• To many Americans of Irish descent their is a feeling of standing with one foot in the USA and one foot in Ireland. It doesn’t make us love America less, it really may make us appreciate it more…some of the most flag-waving (American flag, that is) patriotic Americans that I know are…American-Irish people! A passionate love of both! A comparison could be: do you love your mother most…or your father?? Or, do you love your first child more that your second child? Cuban Americans love the USA and also love the Cuba of their grandparents or great-grandparents, from the stories that they are told. It gives one a sense of “roots” why families do certain things, eat certain foods, celebrate certain holidays. There is a certain ‘mystical connection’ to Ireland that most of that descent ( in America ) do feel to Ireland, in most…quite strongly. To love one does not mean that we love the other less, and perhaps that is the mystery of it all !

    • Lydia – I like how you say “American-Irish” people. Having been born in Ireland, I am going to stick with calling myself “Irish-American”, but I suppose my children and in future years my grandchildren will be “American-Irish”. I understand your amazement at how Americans of Irish descent seem so enraptured by Ireland, and to others this may definitely seem disloyal. I like how Bobbi explains that in loving Ireland, we do not love America less. Thanks so much for adding to this conversation. Each comment helps validate this “mystical connection” some Americans feel for Ireland. It is good to hear you too have observed it. Perhaps, we may never succeed in truly explaining it.
      All the best,

  24. Kathleen says:

    I feel this sudden new gravitational pull that I can’t explain towards Ireland. I am Canadian, with ancestral Irish background. Yet, I have never been.
    The only way to describe it is a spiritual pull. Guess I’ll have to start planning the trip!

    • Kathleen – Sounds like you’re experiencing that unexplained pull towards Ireland many North Americans have felt before. I agree completely with you – it can only be described as a spiritual pull.
      I truly hope you make it to Ireland some day.
      Best wishes and thanks so much for checking out my ramblings.

  25. I know this might sound funny, but I’m Irish, born here and lived here all my life. When I go to the US I feel what you guys feel about Ireland.

    When I go to Boston I feel like I am home.

    I have traveled a lot, and liked a lot of places Ive been. I’ve never felt at home anywhere other than Ireland until I got to the states.

    • Hi Lisa – I don’t think that feeling of coming home you get when you visit the US, especially the Boston area, is one bit funny. It’s fully understandable. So many people in New England have Irish heritage I think many of our old Irish ways have been transferred to the North eastern parts of America. I have lived in America for over twenty years and during my time in the US I have always been made feel welcome and at home.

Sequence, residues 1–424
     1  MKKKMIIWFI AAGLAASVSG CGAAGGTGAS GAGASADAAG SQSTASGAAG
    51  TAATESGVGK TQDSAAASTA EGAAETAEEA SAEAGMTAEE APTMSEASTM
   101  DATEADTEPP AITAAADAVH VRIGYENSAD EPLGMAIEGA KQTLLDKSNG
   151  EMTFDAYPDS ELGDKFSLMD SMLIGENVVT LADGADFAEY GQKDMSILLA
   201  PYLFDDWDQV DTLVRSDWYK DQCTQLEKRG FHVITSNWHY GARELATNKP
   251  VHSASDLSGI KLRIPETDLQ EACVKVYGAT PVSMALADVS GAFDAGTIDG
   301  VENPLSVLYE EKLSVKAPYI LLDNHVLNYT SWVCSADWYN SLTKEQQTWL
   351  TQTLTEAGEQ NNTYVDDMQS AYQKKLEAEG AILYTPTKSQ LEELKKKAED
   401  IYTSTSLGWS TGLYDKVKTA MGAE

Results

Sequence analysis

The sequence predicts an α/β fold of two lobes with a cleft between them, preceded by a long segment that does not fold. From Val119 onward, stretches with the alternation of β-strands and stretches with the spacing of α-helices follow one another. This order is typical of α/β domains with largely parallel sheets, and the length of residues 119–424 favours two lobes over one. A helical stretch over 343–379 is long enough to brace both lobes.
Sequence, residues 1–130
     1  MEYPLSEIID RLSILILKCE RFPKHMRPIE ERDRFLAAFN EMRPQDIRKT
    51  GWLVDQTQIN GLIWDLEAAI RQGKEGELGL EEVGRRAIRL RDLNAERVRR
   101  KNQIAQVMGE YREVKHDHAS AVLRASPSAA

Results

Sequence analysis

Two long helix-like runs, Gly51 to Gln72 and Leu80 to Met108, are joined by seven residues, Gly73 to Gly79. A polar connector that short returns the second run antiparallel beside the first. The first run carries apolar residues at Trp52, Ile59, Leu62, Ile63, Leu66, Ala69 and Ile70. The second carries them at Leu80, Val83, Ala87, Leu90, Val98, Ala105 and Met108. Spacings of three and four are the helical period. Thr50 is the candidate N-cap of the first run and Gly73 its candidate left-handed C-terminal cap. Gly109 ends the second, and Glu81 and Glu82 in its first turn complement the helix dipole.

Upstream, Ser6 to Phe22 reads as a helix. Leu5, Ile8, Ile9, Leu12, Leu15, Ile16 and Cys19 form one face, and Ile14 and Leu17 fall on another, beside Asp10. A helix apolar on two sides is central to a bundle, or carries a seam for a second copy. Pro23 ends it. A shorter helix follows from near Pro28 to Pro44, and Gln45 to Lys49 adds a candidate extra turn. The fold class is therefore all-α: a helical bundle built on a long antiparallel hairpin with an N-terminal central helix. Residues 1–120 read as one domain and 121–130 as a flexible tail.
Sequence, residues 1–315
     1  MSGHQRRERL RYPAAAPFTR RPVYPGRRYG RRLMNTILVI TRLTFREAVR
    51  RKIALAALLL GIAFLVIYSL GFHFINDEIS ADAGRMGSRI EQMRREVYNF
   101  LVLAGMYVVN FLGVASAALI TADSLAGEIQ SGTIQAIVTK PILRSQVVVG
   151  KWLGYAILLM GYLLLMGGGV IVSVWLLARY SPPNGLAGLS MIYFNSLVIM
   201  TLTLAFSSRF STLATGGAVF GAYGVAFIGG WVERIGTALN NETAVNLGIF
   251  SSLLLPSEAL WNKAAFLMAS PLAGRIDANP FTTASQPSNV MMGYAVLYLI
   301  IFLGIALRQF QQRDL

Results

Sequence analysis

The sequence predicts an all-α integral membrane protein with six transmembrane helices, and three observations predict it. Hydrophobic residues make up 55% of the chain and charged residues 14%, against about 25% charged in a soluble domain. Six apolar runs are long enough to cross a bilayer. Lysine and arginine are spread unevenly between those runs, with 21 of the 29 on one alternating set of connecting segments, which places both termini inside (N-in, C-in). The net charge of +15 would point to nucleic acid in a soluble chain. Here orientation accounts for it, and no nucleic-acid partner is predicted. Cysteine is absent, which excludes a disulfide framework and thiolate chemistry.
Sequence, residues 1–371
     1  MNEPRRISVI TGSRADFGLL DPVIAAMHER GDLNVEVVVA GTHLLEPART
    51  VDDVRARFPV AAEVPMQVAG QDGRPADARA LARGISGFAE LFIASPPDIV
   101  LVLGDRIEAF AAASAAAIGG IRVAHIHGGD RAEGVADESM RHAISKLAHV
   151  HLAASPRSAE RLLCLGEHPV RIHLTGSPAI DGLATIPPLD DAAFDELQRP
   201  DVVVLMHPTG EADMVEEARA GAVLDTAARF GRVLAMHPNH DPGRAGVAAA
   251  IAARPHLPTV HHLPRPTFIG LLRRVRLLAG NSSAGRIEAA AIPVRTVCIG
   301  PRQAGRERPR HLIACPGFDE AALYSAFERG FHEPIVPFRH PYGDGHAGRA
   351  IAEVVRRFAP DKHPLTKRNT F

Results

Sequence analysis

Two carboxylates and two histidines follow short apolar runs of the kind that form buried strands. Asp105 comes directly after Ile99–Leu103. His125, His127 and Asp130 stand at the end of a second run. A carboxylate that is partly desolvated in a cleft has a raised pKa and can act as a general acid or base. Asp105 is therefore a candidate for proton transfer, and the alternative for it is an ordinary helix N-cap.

Hope you get to visit the US again soon.
      All the best,

  26. Katie Hagan says:

    Ireland has always drawn me. I have always felt foreign in my native california. My father’s family consists of many Irish and Irish Americans. My Hagan came from Ulster to Maryland in the 1640s. The Hagans are cousins to the O’neils, the last kings of Ulster. Once in America the hagans married only other Irish immigrants for 300 yrs up to my Mexican Mother. My Great Great Great Great Grandfather, Zacheriah Rhiney was an Irish immigrant school teacher In Elizabeth town KY. He was President Lincoln’s first school teacher. He taught Lincoln how to read. I am Here today because of the work and love of generations of Irish forced off their land. Some by the English, or by poverty, some like my grandmother’s Kinsella’s during the famine. I have always carried a bewildering pang and yearning for home when I’d see Pictures of Ireland as a child. I have no grandparents or any relatives actually born in Ireland to pass down anything. Now that I have learned more abut my heritage, I know why I feel the pang in my heart to be back in Ireland.. When I went to Ireland in 2001 I was 21. I told myself not to be disappointed if it wasnt all I’d built it upto be. Irish boys called me “Spanish girl” in the streets which amazed me, as I am very fair w dark hair and in the states people are shocked to find out Im half Mexican. People didnt speak to me in gaelic like they did to my blonde father when he visited, but nonetheless I was over come with the feeling I had finally come home. I experienced a deep sense of belonging to the land I have never felt anywhere in my life. It was very profound on all levels and more magical than I could have imagined. I almost stayed and put down roots, but I felt as Im sure many of my ancestors did, and many young Irish feel now, that there was more work to be done out in the world. I promised I would be back to retire when I was ready. If I never make it I have asked my loved ones to take my ashes back where they belong. Home. In Ireland. Im sure it is a strange thing for a native Irish person to try to understand. We may have spent a couple hundred yrs in America, but we spent a few thousand in Ireland. If you think on it, the pull shouldnt be that surprising. An anchor? Maybe. Or just home. There may be something in our genetics, it is quite the phenomenom.

    • Hi Katie – Thank you so much for your insightful and thoughtful response to this question which often causes me to ponder. When I first came to the US from Ireland I could not understood this connection to Ireland many Irish Americans experience. It truly is a deep rooted soulful pull to our homeland. But once I had lived in America for at least a decade, my interest and understanding grew and grew. So many Americans have talked to me about their yearnings to see Ireland I became quite intrigued by this phenomenon. Your beautiful story sheds even further light on this enigma. I like how you say it may be something in our genetics, because no matter how long I may spend in America, I am always homesick for Ireland.
      All the best, and thanks so much for joining in this conversation.